Below are his sound bytes (i.e., Twitter-like responses). Despite the brevity of some of his answers, one can certainly appreciate Richard’s sincerity and bluntness. Richard is a respected and admired friend and I thank him for this cooperation. He certainly has his critics, yet few could deny that Richard Edelman is today’s leading (and most successful) global public relations professional. This is partly due to his commitment to social media, including agreeing to be interviewed in this blog.

Here we go…

On the firm and social media

Questions Judy Gombita (Canada)

Q1. In assuming that the world’s largest independent, privately owned PR agency, your leadership team and you (as president and CEO) are for the most part able to define Edelman’s corporate culture with relatively little interference from external bodies, my first request is for you to outline your organization values (i.e., internal branding), including how you articulate Edelman’s culture in both the hiring and promotions procedures and practices. Additionally, how does Edelman regularly communicate organizational values, externally and, more importantly, internally?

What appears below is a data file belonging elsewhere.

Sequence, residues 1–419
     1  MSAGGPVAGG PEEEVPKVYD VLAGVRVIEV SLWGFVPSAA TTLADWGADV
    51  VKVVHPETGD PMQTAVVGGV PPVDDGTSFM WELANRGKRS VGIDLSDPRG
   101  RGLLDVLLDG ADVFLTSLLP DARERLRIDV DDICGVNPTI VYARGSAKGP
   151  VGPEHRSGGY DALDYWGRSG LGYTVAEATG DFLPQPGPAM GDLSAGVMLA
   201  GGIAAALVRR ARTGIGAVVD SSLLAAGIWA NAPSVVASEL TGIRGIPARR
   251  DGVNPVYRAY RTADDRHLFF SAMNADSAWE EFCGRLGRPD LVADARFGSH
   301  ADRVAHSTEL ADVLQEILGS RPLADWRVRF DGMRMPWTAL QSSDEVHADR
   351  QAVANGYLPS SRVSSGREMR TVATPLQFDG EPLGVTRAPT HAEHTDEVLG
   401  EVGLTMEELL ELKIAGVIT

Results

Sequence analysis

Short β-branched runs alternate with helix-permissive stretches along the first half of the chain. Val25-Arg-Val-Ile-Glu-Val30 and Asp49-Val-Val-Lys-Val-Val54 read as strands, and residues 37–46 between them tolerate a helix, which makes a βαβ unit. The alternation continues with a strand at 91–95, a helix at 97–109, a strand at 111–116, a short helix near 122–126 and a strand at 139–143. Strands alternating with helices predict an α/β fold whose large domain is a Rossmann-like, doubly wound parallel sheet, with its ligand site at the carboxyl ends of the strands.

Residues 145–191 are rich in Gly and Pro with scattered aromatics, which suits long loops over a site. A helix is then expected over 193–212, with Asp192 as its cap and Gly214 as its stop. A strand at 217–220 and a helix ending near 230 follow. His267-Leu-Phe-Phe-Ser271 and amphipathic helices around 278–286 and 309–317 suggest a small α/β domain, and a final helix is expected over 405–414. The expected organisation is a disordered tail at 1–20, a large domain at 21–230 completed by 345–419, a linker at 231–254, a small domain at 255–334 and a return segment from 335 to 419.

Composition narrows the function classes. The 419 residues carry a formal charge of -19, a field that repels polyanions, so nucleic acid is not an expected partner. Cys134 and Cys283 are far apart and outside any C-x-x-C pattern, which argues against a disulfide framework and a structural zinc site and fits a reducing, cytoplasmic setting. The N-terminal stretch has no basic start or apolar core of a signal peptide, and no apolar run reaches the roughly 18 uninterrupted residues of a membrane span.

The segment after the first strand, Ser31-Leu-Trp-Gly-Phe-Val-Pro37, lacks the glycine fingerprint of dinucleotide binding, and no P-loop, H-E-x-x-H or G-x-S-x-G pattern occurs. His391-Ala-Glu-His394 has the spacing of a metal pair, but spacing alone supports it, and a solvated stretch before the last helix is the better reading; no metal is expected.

A1. We communicate our organizational values in several ways: we are an open society; we have over 40 bloggers on our corporate website—whom we trust to exercise discretion in their posts.

We have a commitment to giving back: our Living in Color program encourages employees to do community work in their spare time and the company also donates one percent of profits in giving away PR advice to non-profits.

We want our firm to be family friendly, so we have organized Edelman Escape, a paid leave after five and 10 years—I’ve been there 31 years and don’t qualify! We make a real effort to speak to our team on intellectual capital. For example, I present on the Edelman Trust Barometer after Davos, Mitch Markson does the same on Good Purpose Survey. I present on financial results, addressing the global staff after our leadership meeting in June. RE